Translating Sustainable Strategy into Digital

In this keynote, Katrine Mosfjeld, from Visit Norway, guided us through how we can translate our sustainable strategy into digital.

Katrine started by explaining that their sustainable strategy was published in May 2021 and developed through the pandemic. During her presentation, she covered the goals of the 2030 national tourism strategy ("big impact, small footprint"), visit Norway's digital marketing strategy and how they support their 2030 goals with digital messages.

In this keynote, Katrine Mosfjeld, from Visit Norway, guided us through how we can translate our sustainable strategy into digital.

Katrine started by explaining that their sustainable strategy was published in May 2021 and developed through the pandemic. During her presentation, she covered the goals of the 2030 national tourism strategy ("big impact, small footprint"), visit Norway's digital marketing strategy and how they support their 2030 goals with digital messages.

Katrine highlighted that at Innovation Norway they are concerned about greenwashing and believe that all stories should be grounded on sustainability. Nonetheless, she expressed the challenge that being an oil-based economy poses to become a sustainable destination.

Goals in the National Tourism Strategy 2030

The goals of their 2030 strategy are to increase tourism, including profitability and jobs, the ripple effects, guest satisfaction for priority target groups, attractive local communities and happy residents and have decreased by at least 50% their carbon footprint.

CO2rism: The Climate Smart Calculator

Karine explained that there are 23 different actions in the action plan of the strategy, and this is one of them. What this calculator does is calculate what consumption comes, per kilo of CO2, from each country. This allows them to identify what markets are worth working with and whether they spend enough on offsetting their climate impact.

The Restart Plan

As Katrine explained, this is another part of their action plan. It is divided into six different programmes, where they work with different tourism organisations to succeed in shifting the tourism industry.

  1. Adventure tourism.
  2. Active holidays.
  3. MICE.
  4. Food tourism.
  5. City breaks.
  6. Arts & culture tourism.

The Marketing Team

The main task for the marketing team at Visit Norway is to decarbonise the travel industry by building new market opportunities with less climate cost.

Norway's Performance

Katrine stressed the importance of the Norwegian tourism industry to find a way to have visitors all year round, as this will improve the quality of the services provided due to not having seasonal jobs.

When looking at what the country should improve or be more of, the following was indicated: good value for money; interesting, rich cultural heritage or art; social, friendly; good local cuisine. On the other hand, Katrine also covered what performance should be sustained: beautiful nature; peaceful; for explorers.

Grabbing and keeping the attention is key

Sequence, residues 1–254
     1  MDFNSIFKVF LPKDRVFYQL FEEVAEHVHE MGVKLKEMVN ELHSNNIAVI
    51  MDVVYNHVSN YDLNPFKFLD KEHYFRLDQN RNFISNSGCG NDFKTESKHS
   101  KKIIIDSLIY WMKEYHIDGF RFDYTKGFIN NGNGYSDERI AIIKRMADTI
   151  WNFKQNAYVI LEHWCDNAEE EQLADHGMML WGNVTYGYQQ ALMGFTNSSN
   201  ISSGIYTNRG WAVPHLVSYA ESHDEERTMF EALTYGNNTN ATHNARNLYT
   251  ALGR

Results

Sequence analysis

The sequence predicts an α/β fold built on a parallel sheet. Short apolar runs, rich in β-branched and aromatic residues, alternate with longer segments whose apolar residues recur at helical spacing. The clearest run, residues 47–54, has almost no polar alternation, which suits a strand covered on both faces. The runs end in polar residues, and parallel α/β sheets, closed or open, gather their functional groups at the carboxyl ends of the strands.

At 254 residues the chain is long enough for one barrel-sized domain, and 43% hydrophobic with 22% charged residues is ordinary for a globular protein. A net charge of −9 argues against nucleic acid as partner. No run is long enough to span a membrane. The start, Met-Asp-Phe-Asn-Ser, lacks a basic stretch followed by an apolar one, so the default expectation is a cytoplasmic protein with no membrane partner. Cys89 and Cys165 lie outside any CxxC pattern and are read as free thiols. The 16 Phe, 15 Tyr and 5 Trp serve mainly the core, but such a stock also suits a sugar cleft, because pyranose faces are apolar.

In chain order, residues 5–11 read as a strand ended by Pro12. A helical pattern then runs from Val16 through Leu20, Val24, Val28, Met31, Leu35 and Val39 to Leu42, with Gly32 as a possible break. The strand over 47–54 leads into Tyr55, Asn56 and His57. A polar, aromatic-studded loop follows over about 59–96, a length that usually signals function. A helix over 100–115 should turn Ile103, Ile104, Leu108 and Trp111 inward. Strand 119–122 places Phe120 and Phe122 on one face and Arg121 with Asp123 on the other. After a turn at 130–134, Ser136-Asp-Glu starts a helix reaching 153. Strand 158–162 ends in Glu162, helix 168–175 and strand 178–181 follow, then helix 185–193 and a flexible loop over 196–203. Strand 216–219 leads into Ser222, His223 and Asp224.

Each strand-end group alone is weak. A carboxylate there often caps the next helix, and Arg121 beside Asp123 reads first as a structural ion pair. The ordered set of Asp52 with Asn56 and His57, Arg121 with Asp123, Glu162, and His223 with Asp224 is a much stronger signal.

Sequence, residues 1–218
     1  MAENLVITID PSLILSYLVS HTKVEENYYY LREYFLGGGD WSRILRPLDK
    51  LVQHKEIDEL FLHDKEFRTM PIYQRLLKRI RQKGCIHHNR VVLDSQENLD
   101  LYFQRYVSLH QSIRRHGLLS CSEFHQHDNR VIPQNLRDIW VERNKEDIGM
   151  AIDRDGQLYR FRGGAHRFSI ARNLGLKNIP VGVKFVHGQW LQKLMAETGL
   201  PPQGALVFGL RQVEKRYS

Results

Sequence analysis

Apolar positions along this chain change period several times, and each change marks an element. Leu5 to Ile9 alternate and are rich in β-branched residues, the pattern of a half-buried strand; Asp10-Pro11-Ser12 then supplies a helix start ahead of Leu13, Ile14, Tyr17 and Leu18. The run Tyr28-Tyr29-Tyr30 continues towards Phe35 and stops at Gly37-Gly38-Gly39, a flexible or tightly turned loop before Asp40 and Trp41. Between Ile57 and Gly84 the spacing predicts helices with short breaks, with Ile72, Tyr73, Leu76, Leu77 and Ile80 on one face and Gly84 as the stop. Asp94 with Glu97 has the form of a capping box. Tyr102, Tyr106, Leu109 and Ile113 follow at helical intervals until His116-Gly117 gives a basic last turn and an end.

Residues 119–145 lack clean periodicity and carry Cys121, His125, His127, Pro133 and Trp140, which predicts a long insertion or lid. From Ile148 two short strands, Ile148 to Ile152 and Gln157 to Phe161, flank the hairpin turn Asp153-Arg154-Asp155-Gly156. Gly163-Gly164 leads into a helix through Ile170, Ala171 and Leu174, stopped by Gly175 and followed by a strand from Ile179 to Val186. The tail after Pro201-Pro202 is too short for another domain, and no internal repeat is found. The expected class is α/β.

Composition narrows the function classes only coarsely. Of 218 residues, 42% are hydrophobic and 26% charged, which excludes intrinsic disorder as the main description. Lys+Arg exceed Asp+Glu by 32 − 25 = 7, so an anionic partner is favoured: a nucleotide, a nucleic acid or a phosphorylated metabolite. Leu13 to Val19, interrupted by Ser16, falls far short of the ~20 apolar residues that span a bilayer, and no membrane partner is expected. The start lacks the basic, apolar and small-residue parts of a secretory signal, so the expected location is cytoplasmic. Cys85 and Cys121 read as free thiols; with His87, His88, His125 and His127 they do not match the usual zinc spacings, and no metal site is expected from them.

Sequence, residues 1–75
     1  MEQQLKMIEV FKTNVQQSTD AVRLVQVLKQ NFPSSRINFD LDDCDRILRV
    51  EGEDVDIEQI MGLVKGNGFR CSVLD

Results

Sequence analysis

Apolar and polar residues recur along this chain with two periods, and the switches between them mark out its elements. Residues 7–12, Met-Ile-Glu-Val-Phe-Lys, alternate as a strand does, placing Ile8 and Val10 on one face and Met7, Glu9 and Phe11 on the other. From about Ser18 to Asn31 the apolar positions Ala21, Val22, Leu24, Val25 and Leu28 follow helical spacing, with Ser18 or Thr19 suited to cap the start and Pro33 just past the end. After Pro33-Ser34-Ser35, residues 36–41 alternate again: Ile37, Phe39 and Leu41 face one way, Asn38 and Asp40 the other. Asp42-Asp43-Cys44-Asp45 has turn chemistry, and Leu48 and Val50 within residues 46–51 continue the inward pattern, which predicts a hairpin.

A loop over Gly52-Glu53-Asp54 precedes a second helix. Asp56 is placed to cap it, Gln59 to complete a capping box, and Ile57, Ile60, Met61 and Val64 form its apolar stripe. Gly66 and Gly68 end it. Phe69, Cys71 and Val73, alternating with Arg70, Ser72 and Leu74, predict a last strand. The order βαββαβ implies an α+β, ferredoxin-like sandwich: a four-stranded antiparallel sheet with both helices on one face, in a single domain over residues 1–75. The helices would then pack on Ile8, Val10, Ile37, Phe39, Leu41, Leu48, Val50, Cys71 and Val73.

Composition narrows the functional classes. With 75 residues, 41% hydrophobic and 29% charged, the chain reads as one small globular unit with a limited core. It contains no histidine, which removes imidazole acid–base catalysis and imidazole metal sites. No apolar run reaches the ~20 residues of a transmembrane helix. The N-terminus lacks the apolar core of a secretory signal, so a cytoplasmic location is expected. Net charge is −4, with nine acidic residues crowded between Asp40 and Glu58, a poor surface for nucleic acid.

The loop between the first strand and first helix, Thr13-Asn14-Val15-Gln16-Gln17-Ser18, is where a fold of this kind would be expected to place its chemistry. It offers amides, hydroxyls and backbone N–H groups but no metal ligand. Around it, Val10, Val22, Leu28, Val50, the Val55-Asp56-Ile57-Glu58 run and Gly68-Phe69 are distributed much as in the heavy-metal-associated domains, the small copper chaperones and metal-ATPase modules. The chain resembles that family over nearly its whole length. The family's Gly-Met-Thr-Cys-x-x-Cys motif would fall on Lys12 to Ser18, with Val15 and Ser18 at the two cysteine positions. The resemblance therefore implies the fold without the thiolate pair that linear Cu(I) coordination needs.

Katrine explained that more than ever before, due to all the information and advertising people are exposed to on a daily basis, retaining people's attention is very hard. That is why, Visit Norway's aim is to make an impression on viewers, rather than reaching as many as possible.

Content strategy

At the core of their content strategy are the stories because, as Katrine explained, stories trigger emotions and memories, amongst many others. These triggers can awake a feeling in the traveller to want to visit the destination through the underlying motivations, which are: escape, broadening cultural horizons, social immersion, extravagant indulgence, control, energy, sharing and caring, adventure in the world of natural beauty and playful liberation.

Campaign strategy

Their campaigns follow a show, tell sell model, which at the same time means they are data-driven as Katrine explained.

  1. Show. Build a broad audience that gives a solid audience foundation for retargeting even more video content.
  2. Tell. Retarget the audiences that show interest by either watching a lot of videos or having visited the website.
  3. Sell. Tactical content designed to drive traffic to each partner's website (retargeting).

Katrine explained that they track engagement with campaign videos to learn about consumers interests, shares, etc., and drive sales from the audience.

Distribution strategy

She highlighted that the key of their distribution strategy is to be consistent with their presence and representation, which they do across all social media platforms. To have the best possible results, they always create channel-specific content, which allows for the material to have a bigger impact on the channel.

Katrine emphasised that messages that build consciousness indirectly build attractiveness for important customer groups, so she encouraged everyone to give advice.

In addition, she mentioned that Norway was awarded 2nd place for the 'best destination in 2022' by Lonely Planet in the matter of sustainability. Katrine said that in cases in which the industry does good, it is important to support them and get the message out!


Before the session ended, Nick asked Katrine how difficult it is to flatten the curve of visitors. She expressed that the key rests on targeting new groups constantly, but also on building new market opportunities off-seasons to allow for those visitors to come and still experience the country fully.

Key Takeaways

1. The sustainable strategy needs to observe all aspects of the strategy: marketing, industry, customers, etc.

2. It is crucial to properly identify the customer segments and adapt the content to the very different channels of the organisation.

Published on:
December 2021
About the contributor

Katrine Mosfjeld

Katrine has worked all her career in the tourism industry, and since 1999 in managing positions.